In 2003, the Companies Act (the Act) was amended allowing exempt private companies to be exempted from audit. Exempt private companies whose accounting year commencing from 15 May 2003 and with an annual revenue of $2.5 million (S$5 million from 1 June 2004) or below, no audit need to be carried out as the company is eligible for audit exemption.
A company is deemed to be an exempt private company if:
Companies are still required to maintain proper accounting records, prepare and present financial statements in compliance with the Act and the Singapore Financial Reporting Standards (FRS). In short you are required to prepare directors’ report, balance sheet, profit and loss account, statement of changes in equity, cash flow statement and notes to financial statements. Everything is the same except for the audit report.
The Inland Revenue Authority of Singapore (IRAS) had also issued a circular advising corporate taxpayers to file their tax returns accompanied by unaudited financial statements that they fully comply with the Singapore Financial Reporting Standards. IRAS may reject the tax returns lodged if it did not comply with FRS. Penalties may be payable if the subsequently reviewed accounts are not prepared on time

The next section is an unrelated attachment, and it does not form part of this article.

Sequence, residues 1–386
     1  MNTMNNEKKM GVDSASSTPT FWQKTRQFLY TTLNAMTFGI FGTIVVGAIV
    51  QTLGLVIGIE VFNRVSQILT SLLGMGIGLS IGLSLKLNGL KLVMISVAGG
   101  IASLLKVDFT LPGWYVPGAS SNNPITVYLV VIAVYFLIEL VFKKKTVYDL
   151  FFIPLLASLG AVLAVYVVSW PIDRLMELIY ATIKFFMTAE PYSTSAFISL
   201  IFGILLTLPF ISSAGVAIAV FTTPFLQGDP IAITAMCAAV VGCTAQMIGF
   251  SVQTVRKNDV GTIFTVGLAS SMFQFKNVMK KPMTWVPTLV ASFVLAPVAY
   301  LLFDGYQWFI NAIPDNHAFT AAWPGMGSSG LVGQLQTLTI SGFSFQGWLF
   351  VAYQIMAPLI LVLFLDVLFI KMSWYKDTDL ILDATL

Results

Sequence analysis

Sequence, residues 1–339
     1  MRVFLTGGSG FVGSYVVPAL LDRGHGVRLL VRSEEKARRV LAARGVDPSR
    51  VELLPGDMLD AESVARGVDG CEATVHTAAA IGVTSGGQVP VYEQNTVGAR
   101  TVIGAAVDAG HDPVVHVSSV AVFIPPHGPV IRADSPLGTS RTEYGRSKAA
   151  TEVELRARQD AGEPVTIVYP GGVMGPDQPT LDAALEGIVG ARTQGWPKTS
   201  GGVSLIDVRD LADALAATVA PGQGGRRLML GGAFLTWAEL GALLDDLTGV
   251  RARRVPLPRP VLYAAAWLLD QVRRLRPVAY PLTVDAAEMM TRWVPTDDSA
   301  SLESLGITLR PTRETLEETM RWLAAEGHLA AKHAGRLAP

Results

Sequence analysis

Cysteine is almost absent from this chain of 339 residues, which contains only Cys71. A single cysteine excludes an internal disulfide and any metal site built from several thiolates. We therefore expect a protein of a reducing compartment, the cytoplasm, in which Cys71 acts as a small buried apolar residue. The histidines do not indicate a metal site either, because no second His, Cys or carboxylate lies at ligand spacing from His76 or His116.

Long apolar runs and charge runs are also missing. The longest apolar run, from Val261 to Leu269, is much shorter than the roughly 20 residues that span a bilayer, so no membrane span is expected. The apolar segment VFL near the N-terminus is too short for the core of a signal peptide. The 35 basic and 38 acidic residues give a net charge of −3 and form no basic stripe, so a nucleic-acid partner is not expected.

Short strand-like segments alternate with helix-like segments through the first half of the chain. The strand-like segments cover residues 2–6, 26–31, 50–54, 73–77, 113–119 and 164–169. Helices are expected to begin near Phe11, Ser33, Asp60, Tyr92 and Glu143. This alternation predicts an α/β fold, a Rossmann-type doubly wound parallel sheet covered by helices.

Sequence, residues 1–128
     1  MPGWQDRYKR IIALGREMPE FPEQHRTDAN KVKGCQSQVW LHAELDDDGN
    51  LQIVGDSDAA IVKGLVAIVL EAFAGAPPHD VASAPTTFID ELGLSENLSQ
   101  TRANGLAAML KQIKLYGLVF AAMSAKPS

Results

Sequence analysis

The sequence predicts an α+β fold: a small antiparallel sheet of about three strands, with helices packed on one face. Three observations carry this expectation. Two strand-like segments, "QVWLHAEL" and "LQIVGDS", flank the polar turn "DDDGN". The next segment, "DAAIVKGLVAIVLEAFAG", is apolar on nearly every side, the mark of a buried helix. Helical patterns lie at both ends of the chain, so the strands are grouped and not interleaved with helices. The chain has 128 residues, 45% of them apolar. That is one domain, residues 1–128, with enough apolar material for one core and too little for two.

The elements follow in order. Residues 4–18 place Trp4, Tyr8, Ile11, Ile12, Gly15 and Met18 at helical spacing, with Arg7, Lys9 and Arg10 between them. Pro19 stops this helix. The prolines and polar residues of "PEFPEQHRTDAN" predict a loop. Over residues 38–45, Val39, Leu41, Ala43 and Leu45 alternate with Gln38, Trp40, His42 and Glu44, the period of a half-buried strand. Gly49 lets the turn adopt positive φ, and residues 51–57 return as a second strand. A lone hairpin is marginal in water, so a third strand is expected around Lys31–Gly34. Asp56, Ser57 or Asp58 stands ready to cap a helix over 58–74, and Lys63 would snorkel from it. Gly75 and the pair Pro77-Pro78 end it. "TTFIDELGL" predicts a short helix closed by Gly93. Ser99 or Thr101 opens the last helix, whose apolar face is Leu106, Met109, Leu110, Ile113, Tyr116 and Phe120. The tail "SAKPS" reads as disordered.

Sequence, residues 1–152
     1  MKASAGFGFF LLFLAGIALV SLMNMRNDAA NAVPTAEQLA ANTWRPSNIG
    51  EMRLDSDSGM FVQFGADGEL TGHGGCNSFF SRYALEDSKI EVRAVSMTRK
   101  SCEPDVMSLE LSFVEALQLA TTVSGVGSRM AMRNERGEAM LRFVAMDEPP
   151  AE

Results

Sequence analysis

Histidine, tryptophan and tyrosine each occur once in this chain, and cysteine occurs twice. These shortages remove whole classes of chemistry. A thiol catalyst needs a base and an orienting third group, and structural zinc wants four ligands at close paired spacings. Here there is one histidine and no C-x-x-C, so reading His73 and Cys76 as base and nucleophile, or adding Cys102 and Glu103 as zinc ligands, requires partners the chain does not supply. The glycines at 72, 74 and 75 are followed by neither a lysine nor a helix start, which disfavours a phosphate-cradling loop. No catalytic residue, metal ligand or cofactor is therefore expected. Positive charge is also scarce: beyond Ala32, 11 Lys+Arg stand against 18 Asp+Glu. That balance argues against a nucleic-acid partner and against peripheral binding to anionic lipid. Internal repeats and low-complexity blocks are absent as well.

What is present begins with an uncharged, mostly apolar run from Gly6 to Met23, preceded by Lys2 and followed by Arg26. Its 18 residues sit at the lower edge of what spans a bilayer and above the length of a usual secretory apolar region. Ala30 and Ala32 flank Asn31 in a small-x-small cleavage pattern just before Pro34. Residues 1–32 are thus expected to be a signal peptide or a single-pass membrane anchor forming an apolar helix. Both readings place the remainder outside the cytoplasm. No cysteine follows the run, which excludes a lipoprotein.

The preparation of the financial statement or compilation without any audit report saves both time and money.
Companies which have audit exemption can have their auditors review their financial statements instead. This provides more assurance to other users of the financial statements compared to compilation alone. In the report, the auditors will review the financial statement and a negative opinion. They will specifically state that this does not amount to an audit, and nothing had come to their attention to believe that the financial statement is not presented fairly.
Review provides more assurance for companies with audit exemption compared to compilation. You must evaluate the cost and benefits of compilation with review or audit.